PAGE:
General information: First Jewish presence: 14th century; peak Jewish population: 230 in 1875; Jewish population in 1933: 155
Summary: Jews were persecuted in Rastatt in 1337/38, and expelled from the town in 1584 and again in 1615. The new Jewish community, established in or around 1683, had opened a prayer hall (in a private house) by the year 1720. Rastatt Jews dedicated a synagogue on Hildastrasse (present-day Ottersdorferstrasse) in 1829. The synagogue was renovated in 1859 and again in 1882, and in 1906 a new 322-seat house of worship was inaugurated on Leopoldsring. The community not only maintained its own cemetery (consecrated in 1881) and mikveh, but also employed a teacher of religion who served as shochet and chazzan. In October 1931, one day after the community celebrated the synagogue’s twenty-fifth anniversary, Nazis smashed the building’s windows. Twenty-eight Rastatt schoolchildren studied religion in 1933, and several Jewish associations and branches of nation-wide organizations were active in the town. Later, on Pogrom Night, rioters set the synagogue on fire and looted Jewish-owned businesses; Jewish men were sent to Dachau that night. A residential building was later constructed on the synagogue site. Thirty-eight local Jews emigrated, 19 relocated within Germany and 29 were deported to Gurs on October 22, 1942. At least 51 Rastatt Jews perished in the Shoah. Memorials to Rastatt’s former Jewish community have been unveiled at the old synagogue, the school building (in 1964), the cemetery (in 1972) and the train station (in 2000).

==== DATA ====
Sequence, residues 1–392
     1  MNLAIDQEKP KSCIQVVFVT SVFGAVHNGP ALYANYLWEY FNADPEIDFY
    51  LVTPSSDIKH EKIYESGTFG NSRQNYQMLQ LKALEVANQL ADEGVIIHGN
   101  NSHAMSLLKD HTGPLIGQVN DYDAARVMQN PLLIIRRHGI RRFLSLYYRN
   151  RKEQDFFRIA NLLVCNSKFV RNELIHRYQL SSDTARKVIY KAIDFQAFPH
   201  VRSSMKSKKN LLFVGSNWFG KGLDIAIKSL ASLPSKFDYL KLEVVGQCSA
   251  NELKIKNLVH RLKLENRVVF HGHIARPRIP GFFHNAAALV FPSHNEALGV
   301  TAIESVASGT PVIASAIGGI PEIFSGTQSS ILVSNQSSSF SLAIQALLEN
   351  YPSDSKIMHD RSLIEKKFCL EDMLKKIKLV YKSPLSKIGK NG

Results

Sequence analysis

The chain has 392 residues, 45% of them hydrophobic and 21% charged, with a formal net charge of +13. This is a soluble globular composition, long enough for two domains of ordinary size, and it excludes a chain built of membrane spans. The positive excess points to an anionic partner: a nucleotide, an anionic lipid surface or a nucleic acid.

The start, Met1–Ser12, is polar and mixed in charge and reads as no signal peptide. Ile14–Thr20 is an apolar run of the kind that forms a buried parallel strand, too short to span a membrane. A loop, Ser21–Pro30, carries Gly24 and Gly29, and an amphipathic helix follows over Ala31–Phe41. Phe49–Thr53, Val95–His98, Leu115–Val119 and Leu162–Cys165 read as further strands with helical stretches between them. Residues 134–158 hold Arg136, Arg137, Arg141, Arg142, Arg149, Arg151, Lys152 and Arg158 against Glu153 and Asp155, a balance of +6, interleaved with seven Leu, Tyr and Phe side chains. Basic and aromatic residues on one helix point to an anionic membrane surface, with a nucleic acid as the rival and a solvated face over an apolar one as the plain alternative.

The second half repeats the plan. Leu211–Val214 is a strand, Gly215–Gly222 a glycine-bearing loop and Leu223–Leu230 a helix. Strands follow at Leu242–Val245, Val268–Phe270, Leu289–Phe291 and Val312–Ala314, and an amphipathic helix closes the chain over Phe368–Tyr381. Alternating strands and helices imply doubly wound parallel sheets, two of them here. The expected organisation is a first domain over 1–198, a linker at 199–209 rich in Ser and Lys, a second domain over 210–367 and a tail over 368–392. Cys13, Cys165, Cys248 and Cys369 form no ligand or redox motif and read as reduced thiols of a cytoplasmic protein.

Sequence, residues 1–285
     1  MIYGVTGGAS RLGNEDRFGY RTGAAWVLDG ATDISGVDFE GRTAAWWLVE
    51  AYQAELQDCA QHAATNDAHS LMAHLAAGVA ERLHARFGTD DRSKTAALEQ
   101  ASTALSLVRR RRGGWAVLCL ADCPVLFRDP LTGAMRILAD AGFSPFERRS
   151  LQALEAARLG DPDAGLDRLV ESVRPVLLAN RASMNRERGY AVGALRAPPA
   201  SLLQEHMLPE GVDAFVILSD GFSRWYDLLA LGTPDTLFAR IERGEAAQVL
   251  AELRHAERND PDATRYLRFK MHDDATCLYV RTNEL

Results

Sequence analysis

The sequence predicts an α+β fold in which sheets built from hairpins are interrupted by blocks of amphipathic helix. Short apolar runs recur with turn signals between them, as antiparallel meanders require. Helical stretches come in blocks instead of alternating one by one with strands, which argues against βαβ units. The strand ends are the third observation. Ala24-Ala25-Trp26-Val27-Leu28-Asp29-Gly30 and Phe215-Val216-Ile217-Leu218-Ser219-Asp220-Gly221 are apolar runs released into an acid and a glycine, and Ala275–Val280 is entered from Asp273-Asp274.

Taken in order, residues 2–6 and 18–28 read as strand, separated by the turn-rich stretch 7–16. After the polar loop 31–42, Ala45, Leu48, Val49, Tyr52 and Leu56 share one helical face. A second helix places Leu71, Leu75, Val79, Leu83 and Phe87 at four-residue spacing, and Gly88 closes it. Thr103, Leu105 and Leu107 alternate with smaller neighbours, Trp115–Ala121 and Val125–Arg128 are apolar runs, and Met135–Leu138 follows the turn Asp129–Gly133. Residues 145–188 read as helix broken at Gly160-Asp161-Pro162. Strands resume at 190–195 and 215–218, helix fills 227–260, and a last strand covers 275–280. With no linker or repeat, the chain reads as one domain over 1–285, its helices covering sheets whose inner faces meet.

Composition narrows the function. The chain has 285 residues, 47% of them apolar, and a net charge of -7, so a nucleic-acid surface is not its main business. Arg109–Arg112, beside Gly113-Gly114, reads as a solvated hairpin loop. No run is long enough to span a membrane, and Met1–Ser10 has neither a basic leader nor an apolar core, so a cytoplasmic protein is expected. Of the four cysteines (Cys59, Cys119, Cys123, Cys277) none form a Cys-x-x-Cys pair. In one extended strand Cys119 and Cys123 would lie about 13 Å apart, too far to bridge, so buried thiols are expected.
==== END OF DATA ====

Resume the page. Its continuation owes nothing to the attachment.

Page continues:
Photo: The synagogue of Rastatt, probably at the beginning of the 20th century. Courtesy of: The Central Archives for the History of the Jewish People, 7355/167.
Author / Sources: Heike Zaun Goshen
Sources: AJ, EJL, HU, PK BW
Located in: baden-wuerttemberg